During a budget consideration meeting three years ago, Femi Gbajabiamila, the then Speaker of the House of Representatives, called for deep cuts to governance costs. Today as the president’s chief of staff, he has more clout in the corridors of power.

“We recognise that we cannot accomplish these objectives using loans and outside financing alone. Therefore, we need to impose deep cuts in the cost of governance and improve internal revenue generation and collection, so that we can free up resources that can then be deployed to fund policy initiatives that will enhance the lives of our people,” Gbajabiamila had said.

This was at the commencement of the Medium-Term Expenditure Framework and Fiscal Strategy Paper revenue considerations with revenue-generating agencies organised by the House Committee on Finance in 2020.

Today, as the man who manages access to the president and assigns priority to his schedule, he and others alike have their chance to prove they weren’t just blowing hot air.

As the leader of the tier of government that has created nearly a dozen new government departments and agencies since a government panel aimed at pruning down ministries and departments called for the elimination of over three dozen government ministries and agencies.

President Bola Tinubu’s team consists of economic experts and politicians who made their careers advocating for the sort of fiscal discipline the president’s economic policies have elevated into an existential concern.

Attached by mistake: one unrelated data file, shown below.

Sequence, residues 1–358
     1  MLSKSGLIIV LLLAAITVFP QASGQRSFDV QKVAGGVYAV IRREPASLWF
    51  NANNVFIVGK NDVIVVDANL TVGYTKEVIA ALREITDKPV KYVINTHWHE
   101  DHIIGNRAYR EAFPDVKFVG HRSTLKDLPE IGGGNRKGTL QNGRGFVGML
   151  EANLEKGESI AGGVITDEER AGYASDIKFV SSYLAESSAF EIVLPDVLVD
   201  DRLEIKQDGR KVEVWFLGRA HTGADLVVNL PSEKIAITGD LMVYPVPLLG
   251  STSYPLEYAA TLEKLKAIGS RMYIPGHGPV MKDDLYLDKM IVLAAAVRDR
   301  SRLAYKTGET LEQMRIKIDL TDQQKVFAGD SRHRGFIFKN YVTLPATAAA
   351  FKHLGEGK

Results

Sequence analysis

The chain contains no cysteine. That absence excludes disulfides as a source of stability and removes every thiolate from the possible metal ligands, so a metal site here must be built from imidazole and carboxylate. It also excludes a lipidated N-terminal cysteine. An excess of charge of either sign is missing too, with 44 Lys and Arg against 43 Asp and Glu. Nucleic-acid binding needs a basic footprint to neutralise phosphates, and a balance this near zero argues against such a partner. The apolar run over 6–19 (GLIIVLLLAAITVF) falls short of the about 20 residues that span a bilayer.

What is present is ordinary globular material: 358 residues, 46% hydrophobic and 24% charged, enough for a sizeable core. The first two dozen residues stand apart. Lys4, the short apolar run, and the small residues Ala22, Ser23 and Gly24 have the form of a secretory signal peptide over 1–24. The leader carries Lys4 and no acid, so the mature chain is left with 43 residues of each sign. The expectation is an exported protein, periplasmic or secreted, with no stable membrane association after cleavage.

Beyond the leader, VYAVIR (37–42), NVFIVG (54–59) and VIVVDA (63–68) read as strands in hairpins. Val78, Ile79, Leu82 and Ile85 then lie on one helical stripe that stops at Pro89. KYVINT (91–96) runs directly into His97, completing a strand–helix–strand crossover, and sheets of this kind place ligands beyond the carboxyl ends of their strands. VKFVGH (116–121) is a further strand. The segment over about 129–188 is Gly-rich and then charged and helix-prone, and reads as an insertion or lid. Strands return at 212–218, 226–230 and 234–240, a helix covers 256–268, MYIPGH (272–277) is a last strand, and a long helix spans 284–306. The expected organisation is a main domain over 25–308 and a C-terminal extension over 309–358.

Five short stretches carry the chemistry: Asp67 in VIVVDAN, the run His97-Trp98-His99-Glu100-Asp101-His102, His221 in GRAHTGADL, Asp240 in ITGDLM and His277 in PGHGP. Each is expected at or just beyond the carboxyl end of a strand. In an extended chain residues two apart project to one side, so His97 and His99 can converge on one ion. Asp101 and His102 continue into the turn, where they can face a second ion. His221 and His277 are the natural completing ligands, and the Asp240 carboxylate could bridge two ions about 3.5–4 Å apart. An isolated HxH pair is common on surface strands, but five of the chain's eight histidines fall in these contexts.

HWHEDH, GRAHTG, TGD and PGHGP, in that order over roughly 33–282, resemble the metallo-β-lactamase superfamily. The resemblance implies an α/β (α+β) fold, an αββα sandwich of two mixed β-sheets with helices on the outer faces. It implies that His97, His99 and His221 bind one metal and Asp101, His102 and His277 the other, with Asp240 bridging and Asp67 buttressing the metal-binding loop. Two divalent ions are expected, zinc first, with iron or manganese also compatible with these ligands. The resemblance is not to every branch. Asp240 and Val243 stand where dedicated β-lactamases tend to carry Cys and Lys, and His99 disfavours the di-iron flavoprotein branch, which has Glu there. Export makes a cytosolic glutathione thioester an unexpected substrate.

Wale Edun, the president’s monetary policy adviser, while serving as finance commissioner under Tinubu’s tenure as governor of Lagos, ran a resilient operation marked by cost savings and expanding revenue to manage shocks including the seizure of the state’s local government allocation by the Olusegun Obasanjo government.

Members of the Tinubu Policy Advisory Council, including Tokunbo Abiru, a banker and politician; Yemi Cardoso, former chairman of Citibank Nigeria; Samaila Zubairu, president and/CEO at Africa Finance Corporation; and Doris Anite, Imo State commissioner for finance and coordinating economy, are well-known advocates for keeping the cost of governance down.

The council has put forward a proposal aimed at achieving a $1 trillion economy by 2030 that would be funded partly by implementing civil service reforms and recommendations contained in the Oronsaye report.

Since Tinubu announced an end to petrol subsidies, pushing the pump price of petrol three times what they were; and unifying the exchange rate, which triggered a hike in commodity prices and import duties, many Nigerians are demanding speedy implementation of the Oronsaye report so they are assured the government share in their pain.

Read also: Why Tinubu must address cost of governance

Officially known as the Report on the Restructuring and Rationalisation of Federal Government Parastatals, Commissions and Agencies, submitted to the Nigerian government in 2012, Oronsaye report was commissioned by the Goodluck Jonathan administration in response to concerns about the size and cost of the Nigerian public sector.